Cash flow volatility remains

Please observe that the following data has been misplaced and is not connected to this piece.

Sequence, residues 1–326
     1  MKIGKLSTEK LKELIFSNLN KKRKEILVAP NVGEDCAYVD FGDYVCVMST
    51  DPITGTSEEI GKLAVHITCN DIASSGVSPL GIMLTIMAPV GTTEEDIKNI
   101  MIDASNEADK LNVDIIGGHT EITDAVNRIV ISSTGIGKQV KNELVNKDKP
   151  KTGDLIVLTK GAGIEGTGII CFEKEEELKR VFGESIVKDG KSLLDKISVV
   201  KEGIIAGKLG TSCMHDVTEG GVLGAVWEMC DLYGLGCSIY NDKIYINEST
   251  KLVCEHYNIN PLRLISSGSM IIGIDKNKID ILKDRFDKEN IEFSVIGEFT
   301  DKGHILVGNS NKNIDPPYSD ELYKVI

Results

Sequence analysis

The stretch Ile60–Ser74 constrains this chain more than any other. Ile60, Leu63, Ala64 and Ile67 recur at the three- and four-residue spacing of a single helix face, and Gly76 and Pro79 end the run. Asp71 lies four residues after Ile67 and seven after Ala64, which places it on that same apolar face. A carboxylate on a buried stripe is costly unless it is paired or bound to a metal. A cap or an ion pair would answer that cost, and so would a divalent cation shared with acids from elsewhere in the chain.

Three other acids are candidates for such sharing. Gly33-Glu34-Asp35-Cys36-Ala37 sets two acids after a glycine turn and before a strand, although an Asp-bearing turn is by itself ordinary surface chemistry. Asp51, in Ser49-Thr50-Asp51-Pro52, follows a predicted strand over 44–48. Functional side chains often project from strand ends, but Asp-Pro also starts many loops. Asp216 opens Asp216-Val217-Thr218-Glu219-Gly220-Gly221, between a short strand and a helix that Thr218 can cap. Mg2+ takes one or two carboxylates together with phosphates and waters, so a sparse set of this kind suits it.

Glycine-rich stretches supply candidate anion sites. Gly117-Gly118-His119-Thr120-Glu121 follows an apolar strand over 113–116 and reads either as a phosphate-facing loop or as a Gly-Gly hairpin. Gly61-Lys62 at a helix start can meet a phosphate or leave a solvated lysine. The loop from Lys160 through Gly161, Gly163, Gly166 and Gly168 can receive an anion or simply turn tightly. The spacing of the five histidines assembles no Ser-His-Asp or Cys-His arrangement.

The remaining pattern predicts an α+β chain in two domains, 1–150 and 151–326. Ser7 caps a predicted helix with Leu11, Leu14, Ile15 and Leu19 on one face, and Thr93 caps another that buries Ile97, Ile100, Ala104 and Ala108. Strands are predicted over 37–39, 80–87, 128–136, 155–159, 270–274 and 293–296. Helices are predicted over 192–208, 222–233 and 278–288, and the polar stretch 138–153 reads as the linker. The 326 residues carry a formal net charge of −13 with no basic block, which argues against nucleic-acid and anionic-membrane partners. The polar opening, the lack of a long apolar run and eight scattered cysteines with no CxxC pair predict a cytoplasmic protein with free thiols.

Demand spikes, supply chain disruption and inflation have resulted in a more volatile couple of years than ‘normal’ for companies, and for the day-to-day cash they use to operate, which in aggregate is known as ‘working capital.’ The recent environment has in some cases caused large swings in the amounts and value of working capital businesses are holding through time. In turn, swings in working capital contribute to swings in cash flow. C.H. Robinson, a US-based freight forwarder, earn their chops in volatile markets, but cash flow has been negatively affected by the rapid and large increase in logistics prices. This reversed in the most recent quarter. In Q3 Robinson generated a record $626 million of operating cash flow compared to an outflow of $74 million in the same quarter last year. The $700 million difference was driven by working capital, reducing by $359 million versus Q2 as costs declined, compared to an increase of $412 million last year as costs were increasing. Transport and logistics costs have come as down as rapidly as they rose. For Fuchs Petrolub, a specialist lubricant producer, the story is very similar, but their primary costs have moved more slowly. Their working capital is linked to refined and processed ‘base oil,’ with a price that lags the crude oil price by a few months. Due to high demand and restricted capacity, costs remain high. However, Fuchs have successfully been able to pass through these costs to customers with minimal impact to volumes, and have a strong balance sheet that enables them, much like C.H. Robinson, to handle volatility.